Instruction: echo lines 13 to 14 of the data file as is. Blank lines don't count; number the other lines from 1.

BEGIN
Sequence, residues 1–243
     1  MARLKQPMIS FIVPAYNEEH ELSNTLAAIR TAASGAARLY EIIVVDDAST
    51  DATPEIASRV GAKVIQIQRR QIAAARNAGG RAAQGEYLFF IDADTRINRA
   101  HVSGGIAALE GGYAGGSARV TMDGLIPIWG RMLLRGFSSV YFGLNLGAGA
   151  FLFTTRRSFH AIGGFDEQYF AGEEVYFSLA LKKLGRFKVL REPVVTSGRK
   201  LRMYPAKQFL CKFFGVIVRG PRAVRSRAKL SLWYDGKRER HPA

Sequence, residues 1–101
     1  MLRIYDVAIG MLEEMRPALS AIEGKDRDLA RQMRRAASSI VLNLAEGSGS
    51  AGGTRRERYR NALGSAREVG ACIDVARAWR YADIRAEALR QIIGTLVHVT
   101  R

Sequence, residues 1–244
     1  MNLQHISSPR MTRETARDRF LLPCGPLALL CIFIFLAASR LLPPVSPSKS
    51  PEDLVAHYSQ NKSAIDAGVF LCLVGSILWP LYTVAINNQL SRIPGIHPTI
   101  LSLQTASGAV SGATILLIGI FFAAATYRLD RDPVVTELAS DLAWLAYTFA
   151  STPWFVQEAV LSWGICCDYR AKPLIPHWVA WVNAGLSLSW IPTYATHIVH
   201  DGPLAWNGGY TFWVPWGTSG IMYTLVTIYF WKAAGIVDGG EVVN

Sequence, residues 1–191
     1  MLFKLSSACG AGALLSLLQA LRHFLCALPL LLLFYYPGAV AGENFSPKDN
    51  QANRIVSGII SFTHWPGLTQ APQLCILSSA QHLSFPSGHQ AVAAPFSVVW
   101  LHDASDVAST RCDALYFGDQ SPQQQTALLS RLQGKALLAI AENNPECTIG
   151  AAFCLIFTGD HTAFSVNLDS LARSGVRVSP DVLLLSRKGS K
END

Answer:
    51  PEDLVAHYSQ NKSAIDAGVF LCLVGSILWP LYTVAINNQL SRIPGIHPTI
   101  LSLQTASGAV SGATILLIGI FFAAATYRLD RDPVVTELAS DLAWLAYTFA